OIA assists host-country counterparts in the development and implementation of legislation and regulations; provides training to foreign officials; responds to government and public requests for trade, travel and business information; supports the implementation of treaties, agreements and international cooperative programs.

Acquiring and developing intelligence related to cross-border criminal activity is also important to OIA’s mission. [Bolding in original.]

This fox-in-the-henhouse conflict of interest is also apparent from a look at OIA’s positioning on ICE’s organizational chart as a unit of the Office of Investigations. Yet elsewhere on the pages of the ICE site, OIA meekly acknowledges its humanitarian parole authority in text nestled within its power to issue entry documents to snitches and criminals:

The [unit known as] PHAB [the Parole and Humanitarian Assistance Bureau] supports [ICE’s] Border Security Mission by bringing to the United States criminal informants, wanted criminals and other inadmissible aliens in an organized and carefully monitored manner using the Secretary’s parole authority. They are responsible for authorizing significant public benefit paroles in accordance with the Significant Public Benefit (SPBP) Protocol, an interagency clearing process.

Is this blogger’s concern about the power to decide humanitarian parole applications just a bureaucratic tempest in a teapot? No. When a dying U.S. citizen wants to have a final few days with a foreign relative from abroad, and the U.S. Consular Officer in the relative’s home country has denied a visitor’s visa, humanitarian parole is the only avenue. The Times article offers other heart-rending examples of initially denied applications for humanitarian parole:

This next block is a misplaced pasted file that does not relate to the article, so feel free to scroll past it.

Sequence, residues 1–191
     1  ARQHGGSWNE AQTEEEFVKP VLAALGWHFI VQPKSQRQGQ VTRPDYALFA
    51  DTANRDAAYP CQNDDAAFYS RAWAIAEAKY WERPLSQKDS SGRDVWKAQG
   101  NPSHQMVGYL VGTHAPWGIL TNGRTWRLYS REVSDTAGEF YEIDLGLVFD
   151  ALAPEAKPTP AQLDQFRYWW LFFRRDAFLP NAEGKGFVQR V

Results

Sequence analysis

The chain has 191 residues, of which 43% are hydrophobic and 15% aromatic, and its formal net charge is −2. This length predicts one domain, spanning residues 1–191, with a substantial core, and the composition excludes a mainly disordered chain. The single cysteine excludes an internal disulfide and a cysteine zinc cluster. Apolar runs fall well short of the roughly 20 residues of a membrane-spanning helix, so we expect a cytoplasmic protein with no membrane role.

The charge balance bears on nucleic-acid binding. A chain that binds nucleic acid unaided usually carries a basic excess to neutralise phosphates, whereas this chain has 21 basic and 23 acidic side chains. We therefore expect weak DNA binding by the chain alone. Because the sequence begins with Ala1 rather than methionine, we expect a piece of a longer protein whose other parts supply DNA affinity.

Some involved pleas for temporary admission for medical reasons, like the Ecuadorean mother of a 6-year-old Bronx boy hit by a car and in a coma, who was at first refused a visa to come to her son’s bedside, or the case of Federico Rodriguez, dying of kidney-related complications in New York, whose sister in El Salvador was at first denied a visa to come donate her kidney.

Other applicants, like Raisa, who has been formally adopted by her grandmother, were eligible to join close relatives in the United States for good. But because of backlogs, they were living out a damaging childhood.

In such a case last spring, a 5-year-old boy stuck since birth in an African refugee camp won humanitarian parole to join his family in Minnesota after a senator learned that his father, a Liberian refugee in the National Guard, faced deployment to Iraq.

Why should it take Congressional intervention to grant humanitarian parole? Why should the requests of deserving citizens for governmental compassion be denied by police officials when the legislature, in enacting the HSA, clearly intended that USCIS, the agency with benefits-adjudication expertise, make the call? On October 18, Michael Chertoff, the Secretary of DHS is slated to testify before the Senate Judiciary Committee on immigration reform. Before focusing on immigration reforms, perhaps the senators can ask Mr. Chertoff why his agency flouts the law as written and tasks police officers to exercise humanitarian compassion. Or perhaps the better question is whether ICEd compassion can ever be truly humanitarian.